After tonight’s finale, it’s hard to imagine what another season of "Homeland" would look like. Season three’s finale wraps it all up and writes the fates for all our key characters.
Let’s start at the beginning. Brody is standing over General Akbari’s dead body at the headquarters of the Iranian Revolutionary Guard. He drags the body under the desk, pockets a gun he finds in a desk drawer and walks out of the building as calmly as possible. We know it’s only a matter of seconds, though, before someone realizes the general has been assassinated
The news that something is wrong churns through the building just as Brody shuts the door of the sleek black SUV waiting for him outside. He points his newly acquired gun at the driver and tells him to step on it. On a dusty road not far from the fracas, Brody pushes the driver out of the car and drives himself to his and Carrie’s meeting place.
At the CIA, it’s Saul’s last day as director before handing the reigns to Senator Lockhart, but he’s not going down without a fight. Colonel Javadi tells them that he has been placed in charge of the manhunt for Brody, and he can’t afford to look weak on this assignment.
Give Brody up, Javadi argues, and I’ll make sure Carrie gets home safely. Lockhart and Dar Adal agree with Javadi’s suggestion. Saul, suddenly showing the idealism absent in recent episodes, insists that they owe it to Brody (and Carrie) to do everything they can on Brody’s behalf
Brody’s tall frame and distinctive red hair seem certain to lead to his immediate capture, but Carrie finds him before he is recognized. They trek to a safe house far outside of Tehran. Saul lets them know that a two-Blackhawk, 16-man team of special ops will be there to escort them out of the country by sunrise.
In the echoing, candle-lit space, Carrie and Brody are finally alone. Despite Saul’s congratulatory messages, Brody expresses ambivalence about the morality of this “mission accomplished.” What’s the point?, he asks, echoing a sentiment that Saul, Carrie and Quinn have all voiced in various episodes throughout this season.
It’s a good question, but Carrie is in no mood for existential angst. I’m pregnant, she tells him, and for a moment they revel in the possibility of a shared future. It’s a romantic scene, far less saccharine than those in the season two finale, and overall it works. Soon, they hear the thumping of helicopters and leave the safe house to meet their rescuers.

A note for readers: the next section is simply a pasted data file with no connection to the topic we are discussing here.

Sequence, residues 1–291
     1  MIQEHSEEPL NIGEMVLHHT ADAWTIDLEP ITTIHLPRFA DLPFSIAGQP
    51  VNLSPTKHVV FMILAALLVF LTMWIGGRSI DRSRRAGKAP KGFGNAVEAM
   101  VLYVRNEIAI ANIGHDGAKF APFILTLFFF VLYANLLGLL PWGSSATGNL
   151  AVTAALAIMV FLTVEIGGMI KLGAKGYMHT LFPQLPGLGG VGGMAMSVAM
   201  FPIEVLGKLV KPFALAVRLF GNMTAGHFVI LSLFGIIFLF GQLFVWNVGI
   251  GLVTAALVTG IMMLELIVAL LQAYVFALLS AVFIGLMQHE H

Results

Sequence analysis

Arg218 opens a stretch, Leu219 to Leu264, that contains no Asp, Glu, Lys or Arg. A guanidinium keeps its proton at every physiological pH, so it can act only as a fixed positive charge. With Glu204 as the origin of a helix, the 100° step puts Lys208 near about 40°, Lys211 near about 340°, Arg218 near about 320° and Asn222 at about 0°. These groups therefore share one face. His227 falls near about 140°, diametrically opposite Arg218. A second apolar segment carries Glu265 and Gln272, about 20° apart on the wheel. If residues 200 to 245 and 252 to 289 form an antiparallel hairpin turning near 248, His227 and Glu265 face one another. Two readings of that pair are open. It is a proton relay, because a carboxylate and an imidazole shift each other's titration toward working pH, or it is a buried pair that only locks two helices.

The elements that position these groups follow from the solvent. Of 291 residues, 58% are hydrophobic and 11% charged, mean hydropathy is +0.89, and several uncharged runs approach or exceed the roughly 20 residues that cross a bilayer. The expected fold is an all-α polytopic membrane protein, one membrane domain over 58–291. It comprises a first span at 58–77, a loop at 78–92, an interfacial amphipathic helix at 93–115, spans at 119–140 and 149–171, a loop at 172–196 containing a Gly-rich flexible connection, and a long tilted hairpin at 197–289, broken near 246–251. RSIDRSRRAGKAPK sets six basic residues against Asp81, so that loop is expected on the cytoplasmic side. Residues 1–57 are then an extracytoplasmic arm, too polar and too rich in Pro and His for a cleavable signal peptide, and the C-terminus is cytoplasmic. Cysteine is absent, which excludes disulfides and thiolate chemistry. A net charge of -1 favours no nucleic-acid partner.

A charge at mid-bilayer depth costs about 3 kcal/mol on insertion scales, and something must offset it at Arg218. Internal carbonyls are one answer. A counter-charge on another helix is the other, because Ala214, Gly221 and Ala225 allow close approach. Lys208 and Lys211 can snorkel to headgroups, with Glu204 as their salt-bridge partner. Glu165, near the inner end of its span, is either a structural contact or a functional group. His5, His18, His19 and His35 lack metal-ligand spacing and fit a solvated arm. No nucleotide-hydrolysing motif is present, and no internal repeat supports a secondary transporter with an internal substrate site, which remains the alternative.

These are no special ops, though: Javadi’s men are outside, guns drawn and poised to arrest Brody. Lockhart, backed by the president, has called off the rescue and agreed to Javadi’s plan. Carrie is distraught and goes to see Javadi herself.
When she arrives back in Tehran, Javadi patiently spells it out for Carrie. Brody has already been sentenced to execution by hanging by a fast-acting military tribunal. He will be publicly executed at 4 a.m. There is nothing she can do, or should do. Let him go. He succeeded in his mission; he can finally die a hero
In a final phone call between Carrie and Brody, not much is said. He is resigned to his fate, and simply asks her not to watch. She insists she will try to get him out, even though they both know she can’t. They listen to each other breath. He hangs up first.
The execution scene is haunting and graphic. We watch Brody die slowly as a crane lifts the bright red noose tied around his neck and the crowd jeers. As he dies, he sees that Carrie, watching from the perimeter, has disregarded his final wish
The rest of the episode is an epilogue of sorts. Four months have passed. Saul is eating croissants by the Mediterranean with his happy wife. He is making boatloads in the private sector and seems genuinely relaxed.
They read in the newspaper that Iran has agreed to cooperate with international nuclear inspections; Mira congratulates him on the successful mission and the positive chain of events that have followed. Saul doesn’t get the credit, though; between the secretive nature of the job and the bloated ego of his successor, he will have to celebrate this victory privately.
Carrie is eight months pregnant and on her way to a meeting with Lockhart. He offers her a top position in Istanbul, where she can continue to orchestrate operations involving Javadi. The two have “agreed to disagree” on a number of issues, and appear to respect one another. She accepts the post, even though she has no idea how she’ll manage single-parenting and a new job in a foreign country
In a dramatic scene with her family, she confesses that she’s thinking about giving her daughter up for adoption. Her father offers to raise the child if it comes to that, and they agree to wait and see
Finally, Carrie, Saul, Quinn and Dar Adal attend an annual commemorative ceremony honoring CIA assets who gave their lives in the line of duty. Lockhart reads the list of names, and each is memorialized with a silver star fixed on the building’s wall. Brody will not receive a star; his legacy is too controversial. After everyone leaves, though, Carrie pulls out a Sharpie and quietly draws one for him
So there we have it. Brody dies; Saul retires; Lockhart takes over the agency; Carrie has a future in Istanbul, possibly wearing a Baby Bjorn; and Quinn and Dar Adal will stay at Langley. Although there is apparently a fourth season in the works, this felt like it could be a series finale
Although this season contained many missteps, I was happy to see it end on a strong note. "Homeland" has remained a (mostly) smart show, with something to say about the humanity of our supposed enemies and the blurry lines between the paranoia of national security and mental illness. In spite of everything, I still think it -- just like Brody -- deserves a star.Copyright © 2014, The Baltimore Sun